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Indian student Shreya creates world record in SAT, TOEFL scores

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Meet Shreya Vardhan, a Class XII student of Delhi Public School, RK Puram, who has created a record by scoring a perfect 2400 in her SAT test and in her TOEFL test for admission to foreign Universities.

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Powerful Schools Presents Powerful People: Jennifer Selby

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Reprinted from the Rainier Valley Post
AUGUST 11, 2012
Powerful Schools Presents Powerful People: Jennifer Selby

in EDUCATION,PEOPLE IN YOUR NEIGHBORHOOD
By Powerful Schools (RVP sponsor)

RAINIER VALLEY – Jennifer Selby (right) – a Powerful Schools’ Reading Tutor at Hawthorne Elementary – is also a Stanford Graduate School of Business alumna and mother of two.

She became passionate about tutoring young children after she taught her own sons, Justin, 8, and Cameron, 6, how to read.

“It was the most exciting thing I’ve ever done!” she exclaimed.

After volunteering in their classrooms for a couple years, Jennifer wanted to find more opportunities to help local children. She did a lot of research before she happened upon Powerful Schools through Social Venture Partners.

“Being a Powerful Schools’ tutor was a dream volunteer assignment,” said Jennifer. “The program is so well organized and in two and a half hours I can really make a difference and see the progress in the young students I tutor.”

FULL STORY

Executive Order: WHITE HOUSE INITIATIVE ON EDUCATIONAL EXCELLENCE FOR AFRICAN AMERICANS

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From: The President of the United States of America

By the authority vested in me as President by the Constitution and the laws of the United States of America, to restore the country to its role as the global leader in education, to strengthen the Nation by improving educational outcomes for African Americans of all ages, and to help ensure that all African Americans receive an education that properly prepares them for college, productive careers, and satisfying lives, it is hereby ordered as follows:

Section 1. Policy. Over the course of America’s history, African American men and women have strengthened our Nation, including by leading reforms, overcoming obstacles, and breaking down barriers. In the less than 60 years since the Brown v. Board of Education decision put America on a path toward equal educational opportunity, America’s educational system has undergone a remarkable transformation, and many African American children who attended the substandard segregated schools of the 1950s have grown up to see their children attend integrated elementary and secondary schools, colleges, and universities.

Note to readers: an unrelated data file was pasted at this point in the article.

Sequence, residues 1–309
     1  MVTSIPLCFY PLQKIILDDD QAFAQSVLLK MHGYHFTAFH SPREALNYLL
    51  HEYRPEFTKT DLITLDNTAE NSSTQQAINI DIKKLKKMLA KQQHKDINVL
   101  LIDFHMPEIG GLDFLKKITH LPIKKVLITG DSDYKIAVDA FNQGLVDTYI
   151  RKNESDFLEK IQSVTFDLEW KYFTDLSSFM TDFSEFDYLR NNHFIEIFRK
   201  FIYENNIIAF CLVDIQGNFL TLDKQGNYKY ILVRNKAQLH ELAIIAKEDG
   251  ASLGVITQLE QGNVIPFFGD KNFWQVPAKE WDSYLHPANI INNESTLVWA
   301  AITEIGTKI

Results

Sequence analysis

However, substantial obstacles to equal educational opportunity still remain in America’s educational system. African Americans lack equal access to highly effective teachers and principals, safe schools, and challenging college-preparatory classes, and they disproportionately experience school discipline and referrals to special education. African American student achievement not only lags behind that of their domestic peers by an average of two grade levels, but also behind students in almost every other developed nation. Over a third of African American students do not graduate from high school on time with a regular high school diploma, and only four percent of African American high school graduates interested in college are college-ready across a range of subjects. An even greater number of African American males do not graduate with a regular high school diploma, and African American males also experience disparate rates of incarceration.

FULL EXECUTIVE ORDER

Samantha Garvey, Once-Homeless Teen Nominated For Science Award, Moves Into New Home

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(1/25/2012) On New Year’s Day, teenage prodigy Samantha Garvey and her family moved into a homeless shelter on Long Island, wondering what the future might hold after being evicted from their home.

Less than a month later, Garvey had a roof over her head — in the House of Representatives chamber. The 18-year-old high school senior joined a gallery of political luminaries Tuesday night to attend President Obama’s State of the Union address.

Source: http://today.msnbc.msn.com

6 year old wins National Spelling Bee

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UPI/Mike Theiler

ori Anne Madison, 6, of Woodbridge, Virginia, spells out the letters in her word as she competes during the opening round of the Scripps National Spelling Bee, May 30, 2012, in National Harbor, Maryland. Madison, the youngest known qualifier in the history of the contest, correctly spelled the word “dirigible*”, a lighter-than-air aircraft, to advance.

Source: http://www.upi.com/

How the world’s best-performing schools come out on top

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Changing what happens in the hearts and minds of millions of children—the main charge of any school system—is no simple task. That some do so successfully while others do not is indisputable…

Source:http://mckinseyonsociety.com

How the world’s most improved school systems keep getting better

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Based on more than 200 interviews with system stakeholders and analysis of some 600 interventions carried out by these systems, this report identifies the reform elements that are replicable for school systems elsewhere as they move from poor to fair to good to great to excellent performance..

Source: http://mckinseyonsociety.com

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